Now that we know the IRS was scrutinizing the entire political spectrum, looking for a level of political activity that would disqualify groups from a 501(c)(4) tax exemption with key words like “progressive” as well as words like “Tea Party,” I was wondering why the original Inspector General report that triggered this whole BS “scandal” mentioned only conservative groups.
It’s because Congressman Darrell Issa (R-CA), the ringmaster of this circus, asked for an audit limited to targeting of conservative groups.
So we’ve come full circle. He’s an even bigger piece of shit than I thought.
For more, see “Sander Levin: IRS tea party probe ‘flawed in a fundamental way,’ Lauren French, Politico; “Darrell Issa’s credibility is over,” Alex Seitz-Wald, Salon.com; “Documents Show Liberals in I.R.S. Dragnet,” Jonathan Weisman, NYT
Louisiana Gov. Bobby Jindal has backed away from his budget plan to eliminate the state’s income and corporate taxes while raising the sales tax and heavily cutting health care and education. Jindal’s approval rating has dropped to 38%, while support for his plan was at 27%.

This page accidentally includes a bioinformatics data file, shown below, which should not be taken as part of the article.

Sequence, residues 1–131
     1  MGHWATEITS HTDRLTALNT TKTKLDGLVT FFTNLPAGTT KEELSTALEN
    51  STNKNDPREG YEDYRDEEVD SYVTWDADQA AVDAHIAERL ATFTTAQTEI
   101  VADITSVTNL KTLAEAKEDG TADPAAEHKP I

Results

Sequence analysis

Jindal is also one of the GOP governors refusing to expand Medicaid under Obamacare, even though the federal government initially pays for the entire expansion and subsequently pays for almost all of it. Businesses support the expansion — why wouldn’t they want a healthier work force?
Jindal’s failed budget in some ways makes him a canary in the coal mine for GOP policies. He’s very much in line with his party and groups like the Club for Growth, but not so much with his red state’s voters, who saw his budget as giving to the rich at the expense of the poor and middle class.
If Jindal really hopes to run in 2016, he needs to thread the needle of re-gaining his popularity at home while hewing to GOP orthodoxy.
The GOP seems to think its hope come from its governors, but when you try to enact its principles in the states, people don’t like the results. It’s much easier for a congressman like Paul Ryan or senator like Rand Paul to spout this inequality-extending stuff in theory than to live with its unfair consequences in practice.